In fact, all the statistics are presented and in the control of those benefiting from the expenditure. The proponent's self-interest may be in conflict with the self-interest of others who have to pay for something they will not likely ever use. . .."

A few questions to Bob about X and how to most accurately and fairly calculate it for the Ludington issue:

1. What percent of LMT taxpayers would need to use the Ludington library, annually on average, to reach a criterion that would justify an expenditure--of any amount--for a major renovation in your view? (Major = a renovation that includes more than something small like an interior paint job and that can be expected to cost at least a few million.)

    That is, what's your statistical threshold for percent of tax payer users/tax payer base # to consider an expenditure to renovate the library justified?

    What is "X" in X%?

2. Can the user count include dependents of taxpayers, such as every child of each LMT tax payer who uses the library? What about uses by a LMT tax payer's visiting relatives and other guests, including exchange students, from out of town, etc.? Can each count as a user?

    Or only if a taxpayer him or herself doesn't use the library in a single year but a child of a tax payer uses the library that year can use by one child of the tax payer qualify as a addition to the user count?

    What about use by visiting relatives and other guests of a tax payer under the same condition, i.e., no use by the tax payer him or herself in a particular year?

3. If a married couple pays taxes, and both use the library, can 2 users be added to the numerator while keeping the denominator base # of tax payers for the couple 1?

4. According to the internal logic of your argument, it seems that the number of library-user tax payers/all LMT tax payers in the percentage calculation should be the sum of all annual users of any library in the LMT system. Right?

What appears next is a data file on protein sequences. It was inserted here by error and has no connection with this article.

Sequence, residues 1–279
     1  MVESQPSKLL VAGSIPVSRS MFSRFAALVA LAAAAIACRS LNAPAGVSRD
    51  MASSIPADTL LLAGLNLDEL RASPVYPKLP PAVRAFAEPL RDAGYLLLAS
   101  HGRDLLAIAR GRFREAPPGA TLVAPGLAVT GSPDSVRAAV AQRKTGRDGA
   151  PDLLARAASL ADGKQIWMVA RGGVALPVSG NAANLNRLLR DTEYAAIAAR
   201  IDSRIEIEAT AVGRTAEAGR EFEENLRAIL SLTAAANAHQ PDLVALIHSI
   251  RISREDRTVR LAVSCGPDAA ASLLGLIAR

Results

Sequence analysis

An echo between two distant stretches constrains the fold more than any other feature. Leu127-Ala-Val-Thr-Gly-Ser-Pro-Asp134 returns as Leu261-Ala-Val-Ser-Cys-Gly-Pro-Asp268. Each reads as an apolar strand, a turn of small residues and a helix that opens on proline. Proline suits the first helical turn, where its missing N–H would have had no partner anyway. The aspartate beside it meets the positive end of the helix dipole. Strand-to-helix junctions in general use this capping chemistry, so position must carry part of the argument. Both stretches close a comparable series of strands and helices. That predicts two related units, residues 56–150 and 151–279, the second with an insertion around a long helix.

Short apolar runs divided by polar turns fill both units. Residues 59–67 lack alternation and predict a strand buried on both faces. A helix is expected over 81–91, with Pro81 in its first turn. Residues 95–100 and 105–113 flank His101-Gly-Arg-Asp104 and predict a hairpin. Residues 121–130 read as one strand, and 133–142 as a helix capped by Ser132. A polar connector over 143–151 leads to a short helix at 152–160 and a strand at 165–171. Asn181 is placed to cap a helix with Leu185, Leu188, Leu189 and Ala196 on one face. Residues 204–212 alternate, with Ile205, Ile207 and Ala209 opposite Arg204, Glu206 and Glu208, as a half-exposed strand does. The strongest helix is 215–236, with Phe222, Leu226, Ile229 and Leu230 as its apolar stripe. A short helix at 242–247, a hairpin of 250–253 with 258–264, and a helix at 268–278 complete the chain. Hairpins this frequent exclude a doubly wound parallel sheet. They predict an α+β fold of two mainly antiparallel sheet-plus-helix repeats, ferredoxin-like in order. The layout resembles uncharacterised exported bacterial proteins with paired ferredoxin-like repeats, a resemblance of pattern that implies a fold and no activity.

That's because each LMT tax payer's dollars devoted to library budgets enable all tax payers (and their dependents, visiting relatives and guests, etc.) to use all the libraries in the system. Agree?

    Alternatively, is your argument based on the premise that the percentage calculations should be based only on Bryn Mawr tax payers, since Ludington is in Bryn Mawr? Thus, the percentage should be # of users of Ludington/total # of residents of Bryn Mawr who pay taxes?

    Or should it be # of Bryn Mawr residents who used Ludington in a year/# of residents of Bryn Mawr who pay taxes?

5. Counting users, rather than # of visits total, can be argued to be overly conservative.

Why? For example, perhaps some tax payers and/or their dependents use Ludington a lot, say > 50 times/yr.

    Some might be frequent users because they need access to a computer to hold their job and for some reason they don't have home access to one, or one that works efficiently for what they have to do. Or because their home feels very loud and chaotic to them and they enjoy going to the library for some personal sanity and reading time.